According to reports, T-Mobile's historic G1 is no longer for sale. We can call it historic, right? After all, the G1 ranks as the world's first Android handset in mass form, and it was the first to truly challenge Apple's magical iPhone as the must-have smartphone, at least before Jobs and company fluxored the antennae and challenged themselves.
Perhaps more importantly, the G1 solidified Google's Android OS as a bona fide mobile platform, one that is now found on dozens of other smartphones and is arguably the fastest growing OS on the market right now. The Android Market now sits at over 70,000 apps strong, getting ever closer to that 100,000 milestone. And it all started with the G1.
Hit the jump to find out why I'm not too terribly broken up to see the G1 go.
We're as tired talking about all these upcoming no-show tablets as you are of reading of them, but sooner or later, these early announcements will have to translate into actual shipping products, right? Well, it happened, and in most unlikeliest of places: Kmart.
Kmart's latest circular advertises the Augen 7-inch tablet on sale for just $150 through July 31, and as you might imagine, that caught a lot of interest. So much so, that Kmart is having to hand out rainchecks.
"It's taking us a bit longer to get the product in all of our stores, but if you go to your local Kmart store and pick up a raincheck for the device -- it's on sale for $149.99 right now; the regular price is $169.99 -- wi will honor the lower price when you pick it up in stores," Kmart wrote in a blog post. "The Augen tablet should be in Kmart retail locations soon. (Of course, if you don't have the raincheck, you can still pick it up at the regular price, which we still think is a bargain!)."
The 7-inch Gentouch78 tablet sports a touch panel LCD screen with an 800x480 resolution, 800MHz processor, 2GB of internal memory and 256MB of RAM, SD card slot with support for up to 16GB, and Wi-Fi, all wrapped into Android's 2.1 platform. It will also have access to the Android Market App Store.
It doesn't appear as though the Gentouch78 comes with any USB ports or webcams, but hey, neither does the iPad, and that costs several hundred more.
Dell has announced that the US version of their Streak Android phone will be available for purchase today by those that pre-ordered. The phone supports AT&T's 3G bands and will cost customers $299 with a two year contract, and $549 without. The exact ship date was not given. After posting this information, Dell removed the blog post, but we expect the facts to remain the same.
The Dell Streak is a 5-inch Android phone that Dell is fond of referring to as a tablet. At launch, the Streak will have Android 1.6, which sort of astounds us. Android 1.6 came out nearly a year ago. Dell claims that a 2.2 Froyo update will come later this year. The phone runs a 1GHz Snapdragon processor, 512MB of RAM, and the 5-inch touchscreen is 480x800 resolution.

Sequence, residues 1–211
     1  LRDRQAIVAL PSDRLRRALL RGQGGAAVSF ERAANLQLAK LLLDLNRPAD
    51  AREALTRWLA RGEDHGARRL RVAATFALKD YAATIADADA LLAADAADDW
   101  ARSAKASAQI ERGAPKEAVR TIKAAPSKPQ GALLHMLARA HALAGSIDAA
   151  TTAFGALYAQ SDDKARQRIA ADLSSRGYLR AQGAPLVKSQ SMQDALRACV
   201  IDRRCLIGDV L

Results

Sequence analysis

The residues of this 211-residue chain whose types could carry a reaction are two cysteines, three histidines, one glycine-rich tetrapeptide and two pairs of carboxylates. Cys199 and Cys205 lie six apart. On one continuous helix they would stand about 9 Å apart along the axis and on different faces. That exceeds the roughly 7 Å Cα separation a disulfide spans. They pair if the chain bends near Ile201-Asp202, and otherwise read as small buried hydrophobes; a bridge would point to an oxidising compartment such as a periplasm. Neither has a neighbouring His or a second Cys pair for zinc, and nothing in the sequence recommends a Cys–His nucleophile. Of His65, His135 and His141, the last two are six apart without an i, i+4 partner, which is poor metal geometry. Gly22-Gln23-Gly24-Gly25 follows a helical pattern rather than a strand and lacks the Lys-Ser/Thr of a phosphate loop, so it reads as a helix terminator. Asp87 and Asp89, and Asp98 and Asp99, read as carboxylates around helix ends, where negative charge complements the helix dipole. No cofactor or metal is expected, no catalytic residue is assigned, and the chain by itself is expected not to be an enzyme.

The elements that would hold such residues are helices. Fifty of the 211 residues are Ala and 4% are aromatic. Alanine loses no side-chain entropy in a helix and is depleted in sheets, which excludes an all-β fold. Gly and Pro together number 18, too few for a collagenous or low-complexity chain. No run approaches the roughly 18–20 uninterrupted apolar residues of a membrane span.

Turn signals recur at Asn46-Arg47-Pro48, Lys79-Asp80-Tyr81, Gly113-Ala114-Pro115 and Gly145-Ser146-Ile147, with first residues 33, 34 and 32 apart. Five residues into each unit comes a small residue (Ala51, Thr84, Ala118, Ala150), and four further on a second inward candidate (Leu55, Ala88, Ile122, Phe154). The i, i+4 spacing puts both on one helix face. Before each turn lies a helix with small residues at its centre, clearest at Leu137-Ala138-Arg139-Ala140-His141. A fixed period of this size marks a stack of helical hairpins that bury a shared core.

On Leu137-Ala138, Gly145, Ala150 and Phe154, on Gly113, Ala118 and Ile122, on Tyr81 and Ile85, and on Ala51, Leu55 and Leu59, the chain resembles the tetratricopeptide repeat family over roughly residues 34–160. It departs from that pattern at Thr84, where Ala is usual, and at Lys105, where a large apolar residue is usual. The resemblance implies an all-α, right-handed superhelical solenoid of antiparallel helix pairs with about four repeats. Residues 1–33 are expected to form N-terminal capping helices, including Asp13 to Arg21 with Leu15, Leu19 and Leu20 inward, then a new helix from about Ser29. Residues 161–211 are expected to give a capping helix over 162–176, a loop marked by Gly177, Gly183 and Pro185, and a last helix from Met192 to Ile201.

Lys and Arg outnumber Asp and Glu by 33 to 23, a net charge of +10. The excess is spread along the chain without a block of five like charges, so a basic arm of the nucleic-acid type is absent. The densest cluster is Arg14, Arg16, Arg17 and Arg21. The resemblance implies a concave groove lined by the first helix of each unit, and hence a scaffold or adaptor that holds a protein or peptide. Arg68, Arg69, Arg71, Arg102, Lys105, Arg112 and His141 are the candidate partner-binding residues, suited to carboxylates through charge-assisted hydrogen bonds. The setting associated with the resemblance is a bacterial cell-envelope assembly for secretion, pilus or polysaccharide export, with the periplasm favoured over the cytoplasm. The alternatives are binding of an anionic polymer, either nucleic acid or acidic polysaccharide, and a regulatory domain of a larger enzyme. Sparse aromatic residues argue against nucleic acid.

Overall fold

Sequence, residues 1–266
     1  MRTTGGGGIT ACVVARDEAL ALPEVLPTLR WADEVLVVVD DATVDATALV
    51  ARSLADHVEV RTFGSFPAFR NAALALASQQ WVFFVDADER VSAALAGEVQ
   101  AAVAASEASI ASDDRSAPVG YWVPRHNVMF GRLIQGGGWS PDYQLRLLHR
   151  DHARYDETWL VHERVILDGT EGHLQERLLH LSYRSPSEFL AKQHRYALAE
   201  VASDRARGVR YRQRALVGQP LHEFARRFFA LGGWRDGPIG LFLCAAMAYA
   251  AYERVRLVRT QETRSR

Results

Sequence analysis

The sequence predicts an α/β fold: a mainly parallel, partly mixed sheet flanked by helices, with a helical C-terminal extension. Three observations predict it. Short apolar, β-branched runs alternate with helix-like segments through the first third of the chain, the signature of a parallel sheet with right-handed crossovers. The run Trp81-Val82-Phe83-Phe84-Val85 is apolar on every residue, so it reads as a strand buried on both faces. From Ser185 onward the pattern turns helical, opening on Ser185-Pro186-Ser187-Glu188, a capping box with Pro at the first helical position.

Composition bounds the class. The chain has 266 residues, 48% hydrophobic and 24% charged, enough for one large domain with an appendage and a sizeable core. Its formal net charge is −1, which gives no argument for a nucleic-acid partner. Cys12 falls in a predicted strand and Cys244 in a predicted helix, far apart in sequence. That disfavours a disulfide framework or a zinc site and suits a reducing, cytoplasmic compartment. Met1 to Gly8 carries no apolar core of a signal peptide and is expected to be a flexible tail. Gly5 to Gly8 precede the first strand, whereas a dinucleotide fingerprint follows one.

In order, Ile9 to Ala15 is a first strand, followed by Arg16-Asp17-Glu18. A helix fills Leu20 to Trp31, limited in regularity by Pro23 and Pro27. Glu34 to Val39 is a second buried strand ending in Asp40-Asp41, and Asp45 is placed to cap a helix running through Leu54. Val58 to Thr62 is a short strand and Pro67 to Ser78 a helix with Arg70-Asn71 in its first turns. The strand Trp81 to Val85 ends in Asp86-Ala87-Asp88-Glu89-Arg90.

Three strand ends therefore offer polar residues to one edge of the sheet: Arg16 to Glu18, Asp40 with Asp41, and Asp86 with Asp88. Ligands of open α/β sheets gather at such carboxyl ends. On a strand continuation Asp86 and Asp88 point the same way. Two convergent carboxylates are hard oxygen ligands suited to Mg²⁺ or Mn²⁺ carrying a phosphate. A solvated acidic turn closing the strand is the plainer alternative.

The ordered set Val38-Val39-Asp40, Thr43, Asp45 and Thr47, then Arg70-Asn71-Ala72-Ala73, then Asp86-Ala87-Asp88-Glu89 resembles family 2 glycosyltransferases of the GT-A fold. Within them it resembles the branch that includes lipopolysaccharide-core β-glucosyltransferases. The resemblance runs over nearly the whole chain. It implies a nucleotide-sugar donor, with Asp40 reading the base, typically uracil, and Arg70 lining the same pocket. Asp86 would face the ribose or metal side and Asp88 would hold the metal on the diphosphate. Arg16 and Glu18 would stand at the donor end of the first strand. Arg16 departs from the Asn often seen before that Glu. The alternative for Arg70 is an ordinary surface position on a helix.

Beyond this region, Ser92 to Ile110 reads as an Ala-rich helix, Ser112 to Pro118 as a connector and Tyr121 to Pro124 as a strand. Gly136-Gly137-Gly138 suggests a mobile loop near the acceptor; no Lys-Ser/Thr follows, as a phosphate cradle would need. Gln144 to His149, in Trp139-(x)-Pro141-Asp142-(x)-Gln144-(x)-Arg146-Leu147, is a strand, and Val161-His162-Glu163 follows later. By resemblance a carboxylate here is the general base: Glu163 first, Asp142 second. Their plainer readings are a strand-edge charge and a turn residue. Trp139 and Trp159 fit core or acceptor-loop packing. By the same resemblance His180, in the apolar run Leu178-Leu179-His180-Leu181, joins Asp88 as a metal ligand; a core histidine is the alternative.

The question is, will people in the US respond to a phone this big? The price is a little high, the OS is out of date, and the skin Dell is using looks fairly unattractive. Have any of you pre-ordered it? Does this pricing information scare you off?
The rumors have been flying for a while now, but HTC has finally officially confirmed that they will be moving to Super LCD screen in some existing AMOLED-sporting phones. The two models listed are the HTC Desire, and the Google Nexus One. Oddly, the very similar HTC Droid Incredible was not mentioned. All these phones currently ship with 3.7-inch AMOLED touchscreens, but Samsung (the maker of the AMOLED panels) has been unable to keep up with demand.
AMOLED screens do not use a backlight, are thinner, and generally perform better than regular LCDs. HTC is claiming that the Super LCDs they will be using actually perform better than AMOLED, and have better battery life. This seems like a tall order to us. The screen size and resolution will probably remain the same after the change. Even if the new Super LCDs don't quite match an AMOLED in color vibrancy, they will likely perform better in direct sunlight. Have you ever seen one of these rare Super LCD displays? Let us know what you thought of it.
On August 20, 2010 at precisly 4:30pm (EST), Samsung will show off the Epic 4G for Sprint on its television support site. Big whoop, right? Depends on if you're a Sprint customer anxiously awaiting your own version of the Galaxy S, because the last two times Samsung webcasted its carrier specific Galaxy S smartphone (T-Mobile Vibrant and AT&T Captivate), the respective phones launched shortly afterward.
That's still four weeks away, but if it comes as any consolation, the Epic 4G is primed to be the best Galaxy S smartphone yet. It will come with a slide-out keyboard, 4-inch Super AMOLED display, 5MP camera with LED flash, 720p video recording, front-facing camera, 802.11b/g/n Wi-Fi, six-axis accelerometer, and that sexy 1GHz Hummingbird processor. And of course it will do 4G.
On the software side, the Epic 4G will come powered by a retooled version of Google's Android 2.1 platform, with a 2.2 upgrade planned for the not-too-distant future.